Since 1988 work has continued manually on the wasp in conjunction with Ruth Hazzard, the program leader for the Vegetables IPM Project. The parasite has demonstrated its ability to survive Massachusetts Winters and to synchronize its life cycle to local seasons. Levels of parasitism in the first pest generation have been typically in the 40-50% range at the release site. The wasp appears to be especially good at finding larvae when pest numbers are low (as few as one larva per 10 plants).
Currently, we are working to establish as many populations of this wasp in Massachusetts as possible, to ensure its survival in the region. Methods of crop rotation have been developed and tested that allow the wasp to survive from year to year on individual farms. The keys to success are (1) to protect the overwintering supply of wasp cocoons and (2) to ensure a continuous supply of hosts for the wasps to sting.
Wasps overwinter in cocoons that are fixed to crop foliage. To protect these cocoons, the non-harvested parts of the cole crops plants should be left in place over the winter and not plowed down until one month after next year's early cole crops have been planted. This allows the wasp to emerge in late April and to encounter nearby cole crops on which butterflies have laid eggs, which in turn have hatched to produce the small (1/l6-1/18 inch)larvae which the wasps sting. By late May or early June wasps will have established in the spring planting and the old plants from the previous year can to plowed under the plot used to plant a later crop such as corn or tomatoes. Failure to conserve crop residues, either plowing them under in the fall or doing so too early in the spring leads to complete loss of the parasite.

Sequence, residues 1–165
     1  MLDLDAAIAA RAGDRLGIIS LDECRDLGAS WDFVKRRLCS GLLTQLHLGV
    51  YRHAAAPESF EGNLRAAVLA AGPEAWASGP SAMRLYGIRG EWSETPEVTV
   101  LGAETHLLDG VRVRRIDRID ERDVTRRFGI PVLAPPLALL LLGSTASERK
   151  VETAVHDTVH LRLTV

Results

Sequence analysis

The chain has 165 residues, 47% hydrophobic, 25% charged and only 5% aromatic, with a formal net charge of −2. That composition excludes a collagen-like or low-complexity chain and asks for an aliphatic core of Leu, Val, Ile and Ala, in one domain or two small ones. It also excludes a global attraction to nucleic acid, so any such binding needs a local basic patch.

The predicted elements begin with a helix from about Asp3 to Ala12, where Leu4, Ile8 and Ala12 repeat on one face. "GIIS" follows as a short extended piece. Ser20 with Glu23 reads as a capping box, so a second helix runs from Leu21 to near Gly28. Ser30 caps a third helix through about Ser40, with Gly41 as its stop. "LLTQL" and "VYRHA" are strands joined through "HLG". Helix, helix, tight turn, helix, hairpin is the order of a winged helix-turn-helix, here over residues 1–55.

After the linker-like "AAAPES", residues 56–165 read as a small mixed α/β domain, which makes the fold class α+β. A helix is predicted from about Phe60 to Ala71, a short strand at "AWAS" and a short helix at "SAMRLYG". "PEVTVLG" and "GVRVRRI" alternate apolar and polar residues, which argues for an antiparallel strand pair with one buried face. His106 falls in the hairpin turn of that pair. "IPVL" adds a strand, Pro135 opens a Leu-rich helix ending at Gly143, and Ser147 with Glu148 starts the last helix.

Ensuring a continuous supply of pest larvae for the wasp to attack is also critical. Wasps are prone to disperse if a period occurs in which there are no larvae in the field to sting. Under these conditions wasps are likely to fly out of the field in search of larvae elsewhere. A continuous host supply requires that both a spring and mid-summer cole crop of some sort be planted. It is important that the spring crop by planted as early as possible because it must be in the ground early enough for the first flight of the butterfly to lay it eggs, If this does not happen, wasps that emerge from the overwintered cocoons will have nowhere to lay their eggs and they will disperse away from the plot in search of hosts.
Sites al which we have been successful in establishing Apanteles rubecula include refuge plantings (not sprayed and left unplowed in the fall) on conventional farms, organic farms (that plant both early and late crops in reasonable quantity) and community gardens. The last of these sites is our newest attempt to discover suitable circumstances for colonizing the parasite. Community garde offer a substantial number of cole crops plantings that are de-synchronized and thus fairly stable in terms of always having some young plants with young larvae for the wasp to attack
A laboratory colony of the wasp is kept in our laboratory and has been used to supply wasps to other areas interested in colonizing the wasp (Rhode Islands Connecticut, Ontario, South Carolina). Anyone who grows 800 or more cole crop plants, both early and late, every year and does not use pesticides on the crop is potentially a release site, provided they are willing to practice the crop rotation needed to conserve the parasite.